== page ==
Pope blasts public having to pay for bank bailouts in environment encyclical

Francis warns of consequences if climate change not tackled

(ANSA) - Vatican City, June 18 - Pope Francis's much anticipated second encyclical, on the environment, released on Thursday is a cry for justice for the poor and our increasingly despoiled planet. Titled Laudato Si (May You Be Praised), it contains a double appeal - a call for protection of "our common home" beset by global warming and other environmental issues, and a call for changes to the way the world deals with the poor and sustainable development.
    Pope Francis said the richest 20% of the world is killing the remainder by consuming too many of the globe's resources and leaving nothing behind. The commandment 'Thou shalt not kill' is violated when the wealthy take too much, stealing from the poor and future generations, the Argentine pontiff said.
    He also said that ordinary citizens are paying the price for government bailouts of banks and businesses, and warned against economic growth that comes "at all costs". It would be better to "slow down the pace" of expansion to defend the environment and all people, he said. Francis added the market can't be humanity's "paradigm" - for it "creates a mechanism of compulsive consumption in order to place its products". A "lifestyle change" is needed in the name of economic sustainability, for the current "development model" is based on the "intensive use of fossil fuels".
    It has also led to an increase in deforestation "for farming purposes", unprecedented destruction of ecosystems, rising sea levels, global warming, an increase in the number of the poor, and masses of migrants trying to escape misery.
    All of this is happening "amid general indifference...a sign of our loss of that sense of responsibility towards our fellow beings, on which all civil societies are founded," said Francis.
    Not only that, but loss of biodiversity is an irreversible damage whose far-reaching consequences cannot be foreseen but are damaging on a spiritual as well as a genetic level, said the pope.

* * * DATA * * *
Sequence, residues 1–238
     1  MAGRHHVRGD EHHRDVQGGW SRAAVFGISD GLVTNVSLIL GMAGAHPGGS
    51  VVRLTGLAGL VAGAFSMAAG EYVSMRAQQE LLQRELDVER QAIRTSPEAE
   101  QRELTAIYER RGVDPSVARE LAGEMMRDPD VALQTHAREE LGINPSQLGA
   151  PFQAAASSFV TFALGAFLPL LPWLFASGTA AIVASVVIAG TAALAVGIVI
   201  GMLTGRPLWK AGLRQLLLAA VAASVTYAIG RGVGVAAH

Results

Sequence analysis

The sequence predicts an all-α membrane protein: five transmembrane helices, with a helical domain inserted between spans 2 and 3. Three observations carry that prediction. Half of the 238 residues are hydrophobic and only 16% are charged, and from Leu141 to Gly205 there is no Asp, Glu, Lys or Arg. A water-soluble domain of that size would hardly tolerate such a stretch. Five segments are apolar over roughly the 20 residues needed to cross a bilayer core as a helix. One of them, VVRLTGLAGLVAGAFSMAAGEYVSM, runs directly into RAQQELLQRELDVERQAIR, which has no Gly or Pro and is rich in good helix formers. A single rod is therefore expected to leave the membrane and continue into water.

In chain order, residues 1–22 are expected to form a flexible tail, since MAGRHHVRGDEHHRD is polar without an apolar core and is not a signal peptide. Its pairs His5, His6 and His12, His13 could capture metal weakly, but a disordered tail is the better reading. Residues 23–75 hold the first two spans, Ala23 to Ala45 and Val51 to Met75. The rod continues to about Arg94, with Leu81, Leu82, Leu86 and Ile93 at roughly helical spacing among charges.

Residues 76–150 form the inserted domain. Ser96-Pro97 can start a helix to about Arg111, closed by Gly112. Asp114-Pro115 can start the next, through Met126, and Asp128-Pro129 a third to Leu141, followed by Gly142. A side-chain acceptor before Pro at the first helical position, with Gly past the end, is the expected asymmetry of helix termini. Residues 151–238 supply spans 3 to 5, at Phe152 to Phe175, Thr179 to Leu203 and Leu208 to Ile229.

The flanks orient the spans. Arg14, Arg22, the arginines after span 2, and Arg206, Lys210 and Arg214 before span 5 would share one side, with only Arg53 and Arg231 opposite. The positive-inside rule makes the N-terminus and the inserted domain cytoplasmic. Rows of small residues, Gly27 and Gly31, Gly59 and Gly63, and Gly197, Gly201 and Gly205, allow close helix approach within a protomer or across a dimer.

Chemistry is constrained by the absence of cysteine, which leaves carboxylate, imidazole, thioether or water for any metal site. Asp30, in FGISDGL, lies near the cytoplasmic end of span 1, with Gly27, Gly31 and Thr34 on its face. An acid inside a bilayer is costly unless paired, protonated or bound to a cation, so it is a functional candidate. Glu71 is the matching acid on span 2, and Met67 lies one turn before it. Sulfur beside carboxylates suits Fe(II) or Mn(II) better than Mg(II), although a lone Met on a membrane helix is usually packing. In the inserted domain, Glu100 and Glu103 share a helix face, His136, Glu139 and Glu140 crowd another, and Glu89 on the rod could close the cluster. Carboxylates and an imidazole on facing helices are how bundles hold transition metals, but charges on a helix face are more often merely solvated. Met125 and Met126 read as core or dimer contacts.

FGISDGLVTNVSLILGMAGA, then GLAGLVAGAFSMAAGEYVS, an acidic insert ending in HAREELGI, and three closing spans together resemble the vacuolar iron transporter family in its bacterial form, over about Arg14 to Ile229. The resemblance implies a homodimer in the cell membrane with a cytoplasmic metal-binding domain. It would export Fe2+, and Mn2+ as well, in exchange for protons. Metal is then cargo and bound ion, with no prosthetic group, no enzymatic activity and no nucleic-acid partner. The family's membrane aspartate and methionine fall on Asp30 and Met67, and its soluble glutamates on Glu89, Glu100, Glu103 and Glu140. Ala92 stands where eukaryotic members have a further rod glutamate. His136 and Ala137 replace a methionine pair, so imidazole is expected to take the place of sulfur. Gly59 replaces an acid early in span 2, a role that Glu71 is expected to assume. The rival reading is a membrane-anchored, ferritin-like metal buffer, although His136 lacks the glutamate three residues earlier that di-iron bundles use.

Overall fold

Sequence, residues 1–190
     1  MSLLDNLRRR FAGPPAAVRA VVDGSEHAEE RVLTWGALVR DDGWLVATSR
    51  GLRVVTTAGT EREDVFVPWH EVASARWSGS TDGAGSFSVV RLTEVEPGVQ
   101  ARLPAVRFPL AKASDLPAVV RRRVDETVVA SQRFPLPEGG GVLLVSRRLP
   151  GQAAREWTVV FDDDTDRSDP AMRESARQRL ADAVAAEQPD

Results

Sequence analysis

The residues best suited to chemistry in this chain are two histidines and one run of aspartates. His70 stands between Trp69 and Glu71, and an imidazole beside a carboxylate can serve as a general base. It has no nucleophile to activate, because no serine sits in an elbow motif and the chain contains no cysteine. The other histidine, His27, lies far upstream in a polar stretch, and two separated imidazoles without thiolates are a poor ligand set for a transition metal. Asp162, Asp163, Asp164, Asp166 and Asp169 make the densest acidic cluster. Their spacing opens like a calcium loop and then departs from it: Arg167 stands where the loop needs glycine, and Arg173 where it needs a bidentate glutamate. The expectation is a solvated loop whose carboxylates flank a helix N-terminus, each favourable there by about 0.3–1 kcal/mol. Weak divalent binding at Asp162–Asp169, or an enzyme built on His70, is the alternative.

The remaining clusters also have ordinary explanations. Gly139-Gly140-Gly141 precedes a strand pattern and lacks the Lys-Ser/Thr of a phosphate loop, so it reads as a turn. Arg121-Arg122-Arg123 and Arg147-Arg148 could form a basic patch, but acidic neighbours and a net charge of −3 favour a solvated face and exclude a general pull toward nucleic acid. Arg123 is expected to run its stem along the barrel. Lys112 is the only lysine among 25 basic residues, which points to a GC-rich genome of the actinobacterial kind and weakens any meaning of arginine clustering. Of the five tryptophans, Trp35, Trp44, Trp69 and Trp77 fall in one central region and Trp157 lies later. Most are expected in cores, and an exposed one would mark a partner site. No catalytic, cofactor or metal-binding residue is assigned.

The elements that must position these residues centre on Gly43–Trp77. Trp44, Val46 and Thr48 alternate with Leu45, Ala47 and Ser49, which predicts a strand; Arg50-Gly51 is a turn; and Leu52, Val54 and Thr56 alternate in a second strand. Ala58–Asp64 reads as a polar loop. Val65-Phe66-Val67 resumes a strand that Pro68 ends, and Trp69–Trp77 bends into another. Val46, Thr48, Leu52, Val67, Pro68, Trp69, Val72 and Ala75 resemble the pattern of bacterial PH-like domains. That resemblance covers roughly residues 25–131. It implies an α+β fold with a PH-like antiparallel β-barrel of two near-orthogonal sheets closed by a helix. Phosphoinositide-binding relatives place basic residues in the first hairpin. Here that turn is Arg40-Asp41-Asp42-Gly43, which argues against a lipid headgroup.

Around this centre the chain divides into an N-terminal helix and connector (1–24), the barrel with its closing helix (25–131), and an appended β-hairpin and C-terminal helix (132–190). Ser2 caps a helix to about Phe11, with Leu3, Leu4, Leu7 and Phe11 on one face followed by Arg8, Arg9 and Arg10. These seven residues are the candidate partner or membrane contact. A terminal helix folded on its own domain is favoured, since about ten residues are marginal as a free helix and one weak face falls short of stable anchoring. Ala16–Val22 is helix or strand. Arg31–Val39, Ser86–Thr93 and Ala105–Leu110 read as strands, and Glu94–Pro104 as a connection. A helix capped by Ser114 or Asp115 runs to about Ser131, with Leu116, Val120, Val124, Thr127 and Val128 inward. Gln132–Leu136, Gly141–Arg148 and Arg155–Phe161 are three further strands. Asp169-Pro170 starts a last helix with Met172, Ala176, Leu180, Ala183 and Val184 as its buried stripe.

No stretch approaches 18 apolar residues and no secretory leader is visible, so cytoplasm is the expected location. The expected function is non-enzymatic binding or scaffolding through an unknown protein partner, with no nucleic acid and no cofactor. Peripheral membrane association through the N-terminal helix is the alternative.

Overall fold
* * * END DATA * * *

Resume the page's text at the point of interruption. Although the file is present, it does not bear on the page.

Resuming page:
"Because of us, thousands of species will no longer render glory to God through their existence, nor will they be able to communicate their message to us," said Francis.
    "Different species have genes that could become key resources to respond to future human needs or to solve environmental problems," he pointed out. He went on to call for "concrete solutions to the environmental crisis" - while efforts to save the environment are "often stymied not only by a refusal on the part of the powers that be, but also by the indifference" of the many, including the faithful.
    Francis blasted "denial, indifference, comfortable resignation, and blind trust in technical solutions" and called for "a new universal solidarity".
    The pontiff also denounced environmental degradation and said that it primarily hurts "excluded people" and for that reason, is treated as an "appendix" to other issues in discussions among policy makers. Francis said that too often, the powers that be have no contact with the poor and the suffering. The depletion of resources is often used to "create" a demand for new wars, disguised by lofty claims. War in fact always causes serious damage to the environment and raises risks of mass destruction through nuclear warfare, the pontiff warned. Developing stronger and more effective international institutions is "indispensable" in order to revert ecological degradation and create sustainable development.